My far-too-long answer has to be that I started out yes and then branched out to no. When I was first getting into a line when I was little, I did very much keep that line separate as I "learned" the storyline, etc. However, once I had the basics down, I used those storylines as the launching pad. When I first got into Masters of the Universe, for example, I followed the scenarios of the books with the figure (even before it got the story from the cartoon); as the cartoon mythos became the main ones, I adapted to those somewhat as well, creating my own versions of those adventures (in the days of rabbit ears, I actually couldn't pick up the cartoon in its first year but knew the nuts and bolts enough to inform my play). I mixed lines but not scale sizes of figures, so the 9 1/2" Legends of the West could be with the Gabriel Lone Ranger, but no MOTU with them.
What changed for me really was the advent of the Super Powers line. Where I'd had distinct play scenarios that separated MOTUand Empire's Legends of the West (my all time favorite line, though I did mix in the Legend of the Lone Ranger and Zorro 3 3/4" figures with them), the need to consolidate space created my most long-standing imaginative landscape. I had one play table on which I kept my figures, and though I had made the space work when shared by those two lines and a few other random figures (Castle Grayskull and Snake Mountain were on opposite ends, "facing" off), when I received the SP Hall of Justice along with a few of the first wave (I had gotten Batman separately and basically played with him alone), something had to give to fit everything on one table. I worked out this elaborate-for-my-age scenario about Skeletor having seized power over Eternia (which became the setting for that table), and Castle Grayskull and Snake Mountain became one side of the table and the home for all the villains, while the heroes regrouped and huddled behind the now-transported Hall of Justice. My kid logic said that Eternians were larger and stronger than humans, so I could mix the scales of 5" fantasy and 3 3/4" "other" figures. This was around the time I first saw "The Five Doctors" serial on Doctor Who, so I reasoned Skeletor was using his own version of a Time Scoop (often the base of Point Dread, since the top & the Talon Fighter were pretty firmly kept on Grayskull) to bring people to join his army to Eternia (I figured the magic was unstable and brought others as well, hence those joining He-Man in the fight). The main lines I truly collected as a child were MOTU, Super Powers, Legends of the West, and the LJN AD&D, so those scales were combined into this constant battle of good vs. evil in the Eternian wastelands (the space between the playsets). (The D&D figures made for a nice balance, with ones like Northlord used alongside the Masters and Strongheart working well beside Superman.) So long as they either were in logical scale with He-Man or smaller, they were integrated. (Even though I had the entire A-Team, it was the larger figures, so they stayed separate.) As a birthday or Christmas present got me a random figure from another line, they joined in (a Thundercat or a Starrior might be there, as were a couple from GI Joe: RAH plus Han Solo, Lobot, and a couple of droids). The Time Scoop brought in Indiana Jones, who fought alongside Wyatt Earp, while Skeletor had the Cairo Swordsman and Toht as henchmen (the Well of Souls, with the Ark removed, made for a good torture pit beneath Snake Mountain). Even if I didn't have much of a line, what I knew from the cartoons fleshed out the adventures in my head, so that Cobra and Storm Troopers and Parademons were all part of the evil army, and the various Joes were part of the resistance alongside Man-at-Arms, Batman, and Bat Masterson. Even the few Fisher-Price Adventure People I had became part of the action, alongside a "Mr. Goodwrench" set I got one birthday. I primarily used knock-off figures as villains, just to keep sides even. Even as I got older and played with them less, so long as that table was set up, I kept that storyline in my head. Since I wasn't playing with them but didn't just want random figures lying flat, I would occasionally set up little scenes, all continuations of this scenario.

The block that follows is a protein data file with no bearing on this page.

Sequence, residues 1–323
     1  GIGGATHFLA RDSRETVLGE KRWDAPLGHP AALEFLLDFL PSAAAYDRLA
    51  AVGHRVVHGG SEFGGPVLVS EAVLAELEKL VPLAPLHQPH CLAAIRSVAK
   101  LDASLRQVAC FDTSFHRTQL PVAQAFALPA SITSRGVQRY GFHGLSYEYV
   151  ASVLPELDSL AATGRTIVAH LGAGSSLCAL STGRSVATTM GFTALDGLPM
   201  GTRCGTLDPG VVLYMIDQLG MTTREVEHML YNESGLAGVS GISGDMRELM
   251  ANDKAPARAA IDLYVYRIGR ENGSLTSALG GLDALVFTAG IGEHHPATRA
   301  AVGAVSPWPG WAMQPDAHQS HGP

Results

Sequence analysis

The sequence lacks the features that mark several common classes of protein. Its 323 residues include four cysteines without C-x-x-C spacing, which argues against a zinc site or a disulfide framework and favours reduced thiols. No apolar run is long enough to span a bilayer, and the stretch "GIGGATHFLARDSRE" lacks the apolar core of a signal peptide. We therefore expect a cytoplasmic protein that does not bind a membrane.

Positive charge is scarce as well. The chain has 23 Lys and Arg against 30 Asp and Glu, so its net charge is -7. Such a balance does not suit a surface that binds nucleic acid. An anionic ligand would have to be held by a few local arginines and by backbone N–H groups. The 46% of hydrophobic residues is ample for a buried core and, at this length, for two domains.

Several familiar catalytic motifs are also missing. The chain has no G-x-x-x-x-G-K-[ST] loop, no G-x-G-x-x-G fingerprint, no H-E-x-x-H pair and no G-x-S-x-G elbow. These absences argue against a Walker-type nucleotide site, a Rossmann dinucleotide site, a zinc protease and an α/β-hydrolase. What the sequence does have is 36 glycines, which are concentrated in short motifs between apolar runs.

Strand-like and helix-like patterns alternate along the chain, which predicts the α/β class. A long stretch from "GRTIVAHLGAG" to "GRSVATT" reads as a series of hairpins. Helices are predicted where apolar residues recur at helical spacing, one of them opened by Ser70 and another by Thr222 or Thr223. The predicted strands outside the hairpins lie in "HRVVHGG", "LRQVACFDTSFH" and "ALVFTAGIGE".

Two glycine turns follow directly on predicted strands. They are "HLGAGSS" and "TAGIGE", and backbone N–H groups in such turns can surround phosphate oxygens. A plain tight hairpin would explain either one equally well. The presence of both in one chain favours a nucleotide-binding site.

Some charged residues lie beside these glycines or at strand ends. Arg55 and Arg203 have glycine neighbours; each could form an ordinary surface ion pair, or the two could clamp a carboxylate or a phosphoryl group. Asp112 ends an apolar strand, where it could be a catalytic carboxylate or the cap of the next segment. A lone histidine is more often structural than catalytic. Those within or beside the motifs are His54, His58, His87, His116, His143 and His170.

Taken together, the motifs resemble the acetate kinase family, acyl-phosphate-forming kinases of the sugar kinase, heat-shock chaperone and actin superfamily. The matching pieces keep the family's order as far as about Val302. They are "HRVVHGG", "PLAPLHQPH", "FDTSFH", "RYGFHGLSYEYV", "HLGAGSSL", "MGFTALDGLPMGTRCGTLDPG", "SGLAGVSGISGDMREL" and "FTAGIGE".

Hugh H. Davis
Wanted: Legends of the West (Empire & Excel) and other western historically-based figures. Send me an offer.
Especially looking for Western/Frontier Town, Kit Carson.